High Level Overview of Build Back Better for Early Childhood Education
1/27/2022 | Mikhal Weiner
President Joe Biden has been in office for a year now, and he has, in that time, done some pretty admirable work. From passing a hefty investment in United States infrastructure to enacting a covid-relief package in order to buoy the U.S. buoy the economy, the Biden administration has kept itself busy trying to put out fires.
One thing that has the folks on Capitol Hill stymied, though, is the flagship Build Back Better (BBB) Framework. This bold step towards introducing more social and climate-focused legislation into the federal landscape has been, in a word, stuck for quite some time. Without going into too much detail on the endless back-and-forth of the BBB, the bottom line is that the votes are simply not there.
That said, it is far from being abandoned. In a lengthy speech summarizing his first year in office, President Biden seemed undeterred, although he did say that the bill will have to be broken up. “It’s clear that we will be able to get support for the $500+ billion for the energy and the environment,” he said, going on to state that he plans to “break the package up, get as much as we can now and come back and fight for the rest of it.” The president also claims that some of the Senators who won’t vote yes yet have expressed support for the portion of BBB that helps parents of young children and those working in early childhood education. But what does that help even look like? Let’s dive into some of the details.
Extending the Child Tax Credit
If you’re a parent or guardian of a minor and you and your partner make less than $150,000 a year (or less than $112,500 for a single parent), you may have noticed that you’re getting some extra money from the United States government—up to $300 a month per child. This is called the Child Tax Credit, and it came into effect during the pandemic as a form of relief for parents who were drowning in Zoom school and an absence of both childcare and gainful employment. The specific sum each family receives depends on their unique financial situation, but for many, this money has been just the safety net they needed. The Build Back Better Framework would continue this financial support, regardless of COVID surges.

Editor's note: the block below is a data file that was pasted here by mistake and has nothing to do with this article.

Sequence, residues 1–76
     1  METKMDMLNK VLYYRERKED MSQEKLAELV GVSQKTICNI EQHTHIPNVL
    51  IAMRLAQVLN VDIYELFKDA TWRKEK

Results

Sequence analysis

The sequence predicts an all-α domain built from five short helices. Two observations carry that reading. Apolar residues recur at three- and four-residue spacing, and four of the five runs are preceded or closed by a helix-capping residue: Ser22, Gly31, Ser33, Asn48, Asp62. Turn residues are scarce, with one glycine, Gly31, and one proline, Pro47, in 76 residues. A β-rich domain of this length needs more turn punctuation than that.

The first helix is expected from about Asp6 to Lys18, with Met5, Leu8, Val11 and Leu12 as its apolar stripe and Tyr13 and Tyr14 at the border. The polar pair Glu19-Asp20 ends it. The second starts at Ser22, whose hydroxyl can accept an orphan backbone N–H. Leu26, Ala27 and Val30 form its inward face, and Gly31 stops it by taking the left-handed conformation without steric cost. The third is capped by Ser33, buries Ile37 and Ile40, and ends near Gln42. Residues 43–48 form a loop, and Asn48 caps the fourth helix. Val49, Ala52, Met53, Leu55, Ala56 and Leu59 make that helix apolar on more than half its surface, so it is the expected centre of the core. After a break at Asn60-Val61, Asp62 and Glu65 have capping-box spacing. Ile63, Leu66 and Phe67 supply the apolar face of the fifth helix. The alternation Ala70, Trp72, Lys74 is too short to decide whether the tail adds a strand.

Free Preschool for All
Besides getting extra income to spend as you see fit, the Biden Administration also wants to invest in free schooling for three and four-year-old children everywhere in America. This would include spending cash to reinforce public school programs, as well as Head Start programs, so that they are all of the same caliber. The thinking here is that no child should be without a quality education simply because their family has lesser financial means. According to the BBB proposal, children who attend high-quality early education programs are “more likely to graduate high school and college, and earn more as adults.”
Expanding Access to High-Quality Childcare Nationwide
What if your kids aren’t old enough for this great, free preschool program, though? Are you out of luck? The answer, fortunately, is no. The Build Back Better bill proposal aims to throw some money at this problem as well, with the goal of ensuring that American parents spend “no more than 7 percent of their income on childcare.” As a parent who spends far more than that today on my toddler’s income, this sounds pretty heavenly to me. When I think of how this influx of cash will help the educators who work so hard to make my child’s life rich and full of color, I’m even more excited.
While all of this sounds great, we still don’t know if Build Back Better will, indeed, get built. What’s more, it may take years for us to see the impact. Still, knowing that there are hardworking lawmakers out there trying to figure out a solution to some of the trials of parenthood gives me hope.
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